I’ve spent a few days moving WordPress sites around between servers recently. A relatively simple if not mundane task, copy all the files from one server to another using SCP in terminal then moving the database, link the two up and all is well. You can move SQL by using command line in terminal, but I prefer to download it, then create a new database & user and upload it to the new server.
While I was moving stuff around I noticed that the wp_commentmeta table on some of the sites was particularly big and cumbersome, like 50mb cumbersome
So I did a bit of poking around and found that even after comments had been sent to spam and deleted there was still a chunk of information about them sitting in the wp_commentmeta table. After a bit of asking Google and my basic SQL knowledge, I did a comparison of what was in wp_commentmeta and not in wp_comments.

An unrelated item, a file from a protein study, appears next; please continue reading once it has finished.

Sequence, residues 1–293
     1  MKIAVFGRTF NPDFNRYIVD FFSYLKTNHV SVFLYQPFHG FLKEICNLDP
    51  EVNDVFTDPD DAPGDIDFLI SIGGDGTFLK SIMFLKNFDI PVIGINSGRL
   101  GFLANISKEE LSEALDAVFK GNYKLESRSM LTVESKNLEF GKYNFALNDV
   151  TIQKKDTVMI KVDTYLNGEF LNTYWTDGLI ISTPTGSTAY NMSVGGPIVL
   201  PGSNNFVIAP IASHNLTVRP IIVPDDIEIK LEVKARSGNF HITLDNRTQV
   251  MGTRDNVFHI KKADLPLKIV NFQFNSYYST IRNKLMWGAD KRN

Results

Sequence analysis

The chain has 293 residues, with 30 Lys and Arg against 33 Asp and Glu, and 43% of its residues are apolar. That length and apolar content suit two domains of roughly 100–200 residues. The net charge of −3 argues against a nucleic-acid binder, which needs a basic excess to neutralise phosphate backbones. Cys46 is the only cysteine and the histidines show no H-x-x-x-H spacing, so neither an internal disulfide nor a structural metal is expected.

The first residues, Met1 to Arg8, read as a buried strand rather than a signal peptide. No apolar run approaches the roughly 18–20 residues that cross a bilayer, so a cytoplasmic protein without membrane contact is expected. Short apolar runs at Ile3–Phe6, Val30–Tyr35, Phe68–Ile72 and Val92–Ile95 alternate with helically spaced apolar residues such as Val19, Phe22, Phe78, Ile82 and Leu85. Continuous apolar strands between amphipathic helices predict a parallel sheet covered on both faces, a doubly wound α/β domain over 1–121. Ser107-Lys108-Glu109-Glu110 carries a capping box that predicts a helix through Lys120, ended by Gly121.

To find this out I ran the following query in PHPMyAdmin
Select * FROM wp_commentmeta WHERE comment_id NOT IN (SELECT comment_id FROM wp_comments)
I found on one site that had been subject to quite a lot of spam that there were 70,000+ entries in the meta table that didn’t have a comment in wp_comments, this accounted for several mb of data that I really didn’t need to be moving so I took a chance on a site that didn’t matter if I broke it, at deleting anything that was in wp_commentmeta but not in wp_comments by running the following command
DELETE FROM wp_commentmeta WHERE comment_id NOT IN (SELECT comment_id FROM wp_comments)
it seemed to do the trick, reduced the size of the database significantly and everything continued to work after my mass deletion.
So if you find that you have a particularly oversized wp_commentmeta table, maybe this will help you out.
Remember, always back up your database before performing any kind of open heart surgery on the tables.